Theories ran amok, including that it was a low density dust cloud held together by mysterious forces not yet understood, a piece of a Pluto-like planet that had been ejected from the Perseus arm of the Milky Way galaxy to come hurtling at us, a hydrogen iceberg, and various other conventional explanations, but Loeb caught everyone’s attention when he suggested that it might just be aliens. Loeb looked at the odd data on ‘Oumuamua and was intrigued by how little it behaved like any other known comet or asteroid, coming to the conclusion that perhaps it was not a naturally occurring astronomical phenomenon at all, but rather an alien spacecraft of some kind, perhaps a probe powered by a kind of solar sail. He was so serious about all of this that he suggested that observatories listen for radio emissions from it, and along with his postdoctoral student Shmuel Bialy published a paper exploring the possibility of the interstellar object being an alien craft, as well as an article listing all of the anomalies that did not fit in with a traditional meteor, comet or asteroid, or indeed anything else witnessed before. He would go on to write a whole book on it called Extraterrestrial: The First Sign of Intelligent Life Beyond Earth, as well as a follow up book about extraterrestrials titled Life in the Cosmos: From Biosignatures to Technosignatures. These ideas were controversial to say the least, especially considering what a respected scientist Loeb is and his stature within the field, and they were soon making headlines across the world even as skeptics tried their best to downplay and debunk them. One scientist that doesn’t quite agree with Loeb on ‘Oumuamua is Karen Meech, the interim director for astrobiology and solar system bodies at the University of Hawaii, who has said:

When we first discovered ‘Oumuamua, of course we joked, ‘Could it be alien technology?’ We laughingly called it Rama for a while. It was a hard experiment, because the object was moving rapidly away from us. But still, we know there are comets and asteroids that share some characteristics with ‘Oumuamua. So why would you go to the most extreme explanation and assume it’s aliens? You still need to follow the scientific process, and I wish Avi had done more of that.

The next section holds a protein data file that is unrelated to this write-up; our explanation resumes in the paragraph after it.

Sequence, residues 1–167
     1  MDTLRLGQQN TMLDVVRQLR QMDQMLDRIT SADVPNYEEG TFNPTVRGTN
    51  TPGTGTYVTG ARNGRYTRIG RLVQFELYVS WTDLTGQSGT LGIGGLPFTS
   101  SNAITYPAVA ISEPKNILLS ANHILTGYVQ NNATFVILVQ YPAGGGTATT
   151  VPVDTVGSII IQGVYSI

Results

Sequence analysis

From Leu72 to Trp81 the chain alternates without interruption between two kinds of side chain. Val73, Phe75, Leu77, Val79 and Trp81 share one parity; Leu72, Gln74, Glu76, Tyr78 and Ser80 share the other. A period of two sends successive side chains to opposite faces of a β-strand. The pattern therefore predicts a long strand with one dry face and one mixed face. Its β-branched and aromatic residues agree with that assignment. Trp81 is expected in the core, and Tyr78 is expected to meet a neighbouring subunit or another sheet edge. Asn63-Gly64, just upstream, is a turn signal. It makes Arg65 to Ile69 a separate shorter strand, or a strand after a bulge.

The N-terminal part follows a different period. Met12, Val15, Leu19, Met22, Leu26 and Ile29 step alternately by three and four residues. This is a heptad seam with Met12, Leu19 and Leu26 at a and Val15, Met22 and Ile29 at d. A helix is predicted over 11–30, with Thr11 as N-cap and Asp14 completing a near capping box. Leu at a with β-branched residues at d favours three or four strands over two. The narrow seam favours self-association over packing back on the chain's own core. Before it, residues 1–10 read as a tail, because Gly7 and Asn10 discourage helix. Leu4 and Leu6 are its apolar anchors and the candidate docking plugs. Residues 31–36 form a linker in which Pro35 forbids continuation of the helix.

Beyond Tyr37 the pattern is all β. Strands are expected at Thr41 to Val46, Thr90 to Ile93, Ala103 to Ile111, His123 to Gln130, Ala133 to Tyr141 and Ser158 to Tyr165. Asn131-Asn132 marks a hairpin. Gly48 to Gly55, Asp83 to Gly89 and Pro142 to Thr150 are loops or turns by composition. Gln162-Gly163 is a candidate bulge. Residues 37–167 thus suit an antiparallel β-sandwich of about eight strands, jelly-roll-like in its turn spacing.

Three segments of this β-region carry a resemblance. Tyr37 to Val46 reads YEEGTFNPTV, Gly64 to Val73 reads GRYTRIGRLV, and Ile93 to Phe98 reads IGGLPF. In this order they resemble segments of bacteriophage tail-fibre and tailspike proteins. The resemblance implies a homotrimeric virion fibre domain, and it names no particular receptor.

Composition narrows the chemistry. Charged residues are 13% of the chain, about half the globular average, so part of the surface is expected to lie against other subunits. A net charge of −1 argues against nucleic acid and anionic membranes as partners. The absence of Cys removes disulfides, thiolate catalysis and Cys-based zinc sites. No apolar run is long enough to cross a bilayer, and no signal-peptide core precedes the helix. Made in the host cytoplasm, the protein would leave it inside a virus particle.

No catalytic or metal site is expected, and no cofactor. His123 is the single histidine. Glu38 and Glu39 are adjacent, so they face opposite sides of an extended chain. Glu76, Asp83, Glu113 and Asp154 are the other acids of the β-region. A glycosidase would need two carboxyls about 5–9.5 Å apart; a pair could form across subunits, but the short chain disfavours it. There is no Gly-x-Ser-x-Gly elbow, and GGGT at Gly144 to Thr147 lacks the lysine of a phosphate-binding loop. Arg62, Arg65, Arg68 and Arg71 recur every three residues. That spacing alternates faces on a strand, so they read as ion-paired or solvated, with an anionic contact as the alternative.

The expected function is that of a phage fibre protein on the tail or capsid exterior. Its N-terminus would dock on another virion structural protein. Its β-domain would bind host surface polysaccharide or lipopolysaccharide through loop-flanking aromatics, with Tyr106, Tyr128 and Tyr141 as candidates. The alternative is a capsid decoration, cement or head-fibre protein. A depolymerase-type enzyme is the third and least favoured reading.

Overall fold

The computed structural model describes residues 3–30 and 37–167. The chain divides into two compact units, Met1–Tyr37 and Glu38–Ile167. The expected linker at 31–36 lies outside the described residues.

Another critic has been Seth Shostak, a senior scientist at the SETI Institute, who has clashed with Loeb over his unorthodox ideas on the object, but who nevertheless concedes that Loeb is a respected scientist who should not be written off entirely. He has said:

I don’t think Avi is right about ‘Oumuamua. We’ve got people here who study asteroids and they say there’s nothing to suggest it wasn’t a naturally occurring object. If some guy from Bismarck, North Dakota, whom no one had ever heard of, was saying what Avi is saying, people would respond, ‘Come on, it’s just an asteroid.’ But this is a Harvard astronomer who was the chair of the department, clearly a very bright guy. So you sort of have to take him seriously.

In the meantime, Loeb not only stuck by his unconventional, outside-of-the-box theory, but also suggested several other interstellar objects within the solar system that might also be candidates for being alien probes, even actively promoting a dedicated mission to go investigate them more closely. He would also go on to suggest that there were potentially many more of these objects in the solar system that had gone undetected. It also inspired him to start The Galileo Project for the Systematic Scientific Search for Evidence of Extraterrestrial Technological Artifacts in July of 2021 with the aim of searching for physical objects associated with extraterrestrial technological equipment while “using the standard scientific method based on a transparent analysis of open scientific data to be collected using optimized instruments.” He also made it clear that the project would be dedicated to making all its findings continuously and freely available to the public, and the Galileo Project has continued to chug along as well as stir up controversy among those who see it as a sort of woo woo pseudo-science project more fitting for a UFO nut than a respected Harvard astrophysicist.